Sunday, March 23, 2008

Digital vs. interactive vs. internet vs. broadcast

There's a lot I don't know about the brave new world of electronic media, but a few things are starting to stick in my brain:
  • Video is the 500lb gorilla. Everything else we currently do takes much less space and bandwidth.
  • Unless you have fiber or something similar, video is pushing the limits of your bandwidth (*)
  • Even if you do have fiber, you can use up large chunks of it with bigger and shinier video, or more channels, or better-than-real-time downloads.
  • TV in the US is set to go digital in the next couple of years. This frees up large chunks of bandwidth for other uses (**).
That last chunk of bandwidth is primo stuff. It was originally allocated to TV exactly because it's suited to transmitting video images into buildings and across wide swathes of rural land.

Now let's look at video in the internet world, as opposed to old-fashioned TV with rabbit ears (Dad, what are "rabbit ears"? Well, in the olden days TVs had antennas sticking up on top of them ...):
  • It's digital. That means, subject to various legal and technical restrictions, you can make exact copies of it, save it, view it and edit it with a plain old home computer.
  • It's available on demand (or at least, upon polite request with money attached). You don't have to wait for your show to be on.
  • It can be interactive. You can do video conferencing, for example.
The interesting thing is that none of these requires the internet. It's been possible for years to record video digitally with a camcorder, make your own DVDs, and so forth. You can (again subject to legal and technical restrictions) digitally record TV programs received via cable, satellite or over the air. Video on demand is a standard feature of cable service. Video conferencing can be done (and in some cases is done) via closed circuit.

This is not to say that the internet can't add value, for example by making video conferencing available to everyone instead of just to parties who happen to have the infrastructure for it. The point is that much of the goodness of new media is not strongly tied to the net, nor is it, as is sometimes implied, a direct consequence of the net being involved.

The internet is inherently point-to-point. Your basic internet packet has a single destination address. You can also specify broadcast and multicast addresses, but those require extra thought and machinery to handle efficiently. The internet is also symmetrical in structure. Anyone can send to anyone. The other party might not listen, but that's a different story.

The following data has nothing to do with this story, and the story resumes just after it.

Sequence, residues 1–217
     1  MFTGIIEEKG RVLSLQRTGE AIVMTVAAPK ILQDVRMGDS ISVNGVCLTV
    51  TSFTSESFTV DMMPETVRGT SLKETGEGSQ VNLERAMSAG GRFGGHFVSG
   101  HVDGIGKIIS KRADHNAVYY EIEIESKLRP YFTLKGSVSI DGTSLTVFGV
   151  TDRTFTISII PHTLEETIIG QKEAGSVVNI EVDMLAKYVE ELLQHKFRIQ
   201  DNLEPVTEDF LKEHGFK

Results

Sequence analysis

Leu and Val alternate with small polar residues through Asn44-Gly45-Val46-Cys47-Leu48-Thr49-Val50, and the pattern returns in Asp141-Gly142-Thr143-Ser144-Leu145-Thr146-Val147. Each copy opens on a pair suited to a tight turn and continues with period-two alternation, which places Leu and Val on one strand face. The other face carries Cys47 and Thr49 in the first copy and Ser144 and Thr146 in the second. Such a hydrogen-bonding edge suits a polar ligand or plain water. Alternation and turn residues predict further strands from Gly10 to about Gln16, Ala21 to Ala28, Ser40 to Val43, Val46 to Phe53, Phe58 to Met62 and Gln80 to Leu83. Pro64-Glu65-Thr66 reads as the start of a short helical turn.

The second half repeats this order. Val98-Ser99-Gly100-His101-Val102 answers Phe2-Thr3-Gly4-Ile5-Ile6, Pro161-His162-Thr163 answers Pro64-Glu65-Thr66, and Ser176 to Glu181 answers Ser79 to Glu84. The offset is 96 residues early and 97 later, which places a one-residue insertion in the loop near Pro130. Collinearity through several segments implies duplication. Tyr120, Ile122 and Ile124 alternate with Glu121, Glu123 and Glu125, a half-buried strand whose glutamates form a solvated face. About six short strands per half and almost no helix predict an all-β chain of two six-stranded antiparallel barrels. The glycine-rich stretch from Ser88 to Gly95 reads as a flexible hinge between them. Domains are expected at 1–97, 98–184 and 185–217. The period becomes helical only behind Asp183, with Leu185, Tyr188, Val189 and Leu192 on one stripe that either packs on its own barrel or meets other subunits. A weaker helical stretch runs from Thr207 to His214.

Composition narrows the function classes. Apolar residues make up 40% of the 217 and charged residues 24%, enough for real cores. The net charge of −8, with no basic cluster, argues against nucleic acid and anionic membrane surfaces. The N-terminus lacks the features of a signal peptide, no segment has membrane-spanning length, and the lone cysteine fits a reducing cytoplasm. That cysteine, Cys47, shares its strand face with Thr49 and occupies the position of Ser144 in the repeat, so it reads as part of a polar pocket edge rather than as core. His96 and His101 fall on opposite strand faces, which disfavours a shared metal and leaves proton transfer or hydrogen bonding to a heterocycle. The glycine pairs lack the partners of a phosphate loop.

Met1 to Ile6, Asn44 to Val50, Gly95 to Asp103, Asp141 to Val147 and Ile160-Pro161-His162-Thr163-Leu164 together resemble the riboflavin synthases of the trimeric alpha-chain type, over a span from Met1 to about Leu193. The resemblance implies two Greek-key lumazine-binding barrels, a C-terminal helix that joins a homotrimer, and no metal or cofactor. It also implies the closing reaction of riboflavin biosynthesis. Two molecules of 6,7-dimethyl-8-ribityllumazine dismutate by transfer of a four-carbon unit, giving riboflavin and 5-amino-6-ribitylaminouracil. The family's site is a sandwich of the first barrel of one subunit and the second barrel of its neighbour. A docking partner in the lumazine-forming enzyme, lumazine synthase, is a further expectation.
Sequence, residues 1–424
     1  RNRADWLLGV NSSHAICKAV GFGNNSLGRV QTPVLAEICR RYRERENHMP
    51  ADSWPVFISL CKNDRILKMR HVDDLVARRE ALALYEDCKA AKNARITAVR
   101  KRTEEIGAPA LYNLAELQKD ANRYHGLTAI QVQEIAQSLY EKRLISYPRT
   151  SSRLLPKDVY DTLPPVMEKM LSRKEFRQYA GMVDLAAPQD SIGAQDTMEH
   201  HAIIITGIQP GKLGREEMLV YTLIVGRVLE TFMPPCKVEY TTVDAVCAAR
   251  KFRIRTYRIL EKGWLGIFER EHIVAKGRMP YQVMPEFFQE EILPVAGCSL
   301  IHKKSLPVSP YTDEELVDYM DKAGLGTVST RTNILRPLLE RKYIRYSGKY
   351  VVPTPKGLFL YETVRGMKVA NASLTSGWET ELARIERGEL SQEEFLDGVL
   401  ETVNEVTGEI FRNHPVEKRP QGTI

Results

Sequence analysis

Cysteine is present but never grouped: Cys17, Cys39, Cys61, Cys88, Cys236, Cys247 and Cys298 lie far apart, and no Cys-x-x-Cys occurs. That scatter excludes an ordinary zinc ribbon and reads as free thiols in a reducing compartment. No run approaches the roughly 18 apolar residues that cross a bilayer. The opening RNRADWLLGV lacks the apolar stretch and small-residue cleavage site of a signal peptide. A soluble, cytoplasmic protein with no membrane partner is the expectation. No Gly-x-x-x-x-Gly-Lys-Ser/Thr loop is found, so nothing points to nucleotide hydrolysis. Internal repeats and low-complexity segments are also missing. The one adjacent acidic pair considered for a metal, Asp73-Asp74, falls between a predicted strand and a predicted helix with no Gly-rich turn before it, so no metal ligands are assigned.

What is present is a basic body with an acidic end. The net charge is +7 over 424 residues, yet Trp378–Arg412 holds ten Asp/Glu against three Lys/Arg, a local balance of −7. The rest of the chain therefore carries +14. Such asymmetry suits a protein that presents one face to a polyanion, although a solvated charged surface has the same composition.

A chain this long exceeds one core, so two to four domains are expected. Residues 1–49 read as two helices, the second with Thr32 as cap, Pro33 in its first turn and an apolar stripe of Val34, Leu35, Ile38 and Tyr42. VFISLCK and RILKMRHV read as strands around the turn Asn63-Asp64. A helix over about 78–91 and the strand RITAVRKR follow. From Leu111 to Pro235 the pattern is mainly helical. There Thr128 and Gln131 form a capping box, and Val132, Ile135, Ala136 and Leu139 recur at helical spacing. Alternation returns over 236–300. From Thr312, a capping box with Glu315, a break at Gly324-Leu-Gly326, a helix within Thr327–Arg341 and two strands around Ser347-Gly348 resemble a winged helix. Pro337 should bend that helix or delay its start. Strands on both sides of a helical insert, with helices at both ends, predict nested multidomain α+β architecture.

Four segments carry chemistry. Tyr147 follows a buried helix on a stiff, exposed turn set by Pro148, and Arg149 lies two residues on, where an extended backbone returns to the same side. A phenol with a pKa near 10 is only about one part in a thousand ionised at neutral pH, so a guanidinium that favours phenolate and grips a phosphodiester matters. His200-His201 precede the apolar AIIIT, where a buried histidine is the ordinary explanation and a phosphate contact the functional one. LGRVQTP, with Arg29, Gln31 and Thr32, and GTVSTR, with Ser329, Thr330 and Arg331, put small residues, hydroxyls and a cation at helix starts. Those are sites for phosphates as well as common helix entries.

Broadcast TV, on the other hand, has a very different structure. One party broadcasts to many. It does so very efficiently and scalably. Someone puts up a tower. As many people as want to buy receivers. This can be and is being done for digital video as it was for analog. Traditional cable TV -- everything but the on-demand part -- is somewhat less easily scalable, but it still has the advantage of having only one fixed route: from the broadcast center out to the viewers.

Why should we persist in using old distribution machinery when we've got the infinite flexibility of the net? For one thing, people remain interested in live TV coverage. If I want to watch the NCAAs and a million other people do as well, then why bother the internet backbone about it when the network can just beam the games up to a satellite or broadcast them over the cable network.

The one-way broadcast model still works just fine in cases where you might well want digital content, but don't care about interactivity. In fact, it should generally work better, and using it offloads traffic that would otherwise have to go through the backbone.

Which leaves me to ponder what really ought to end up happening to all that prime broadcast bandwidth.

(* A standard DVD plays back about 4 hours of video from about 8GB of data, or about half a megabyte per second. This is curiously close to the bandwidth of my cable internet connection, and in fact video full-screen comes across more or less OK, but not dazzlingly well. It's interesting to note that the same cable can also keep at least 3 tuners happy showing and/or recording TV shows with good fidelity. It's almost as though cable companies are in the TV business, but I digress ...)

(** Most of it was bought up by Verizon, with Google only putting in a minimum bid. More could be said ...)

1 comment:

Anonymous said...

Interesting article very informative.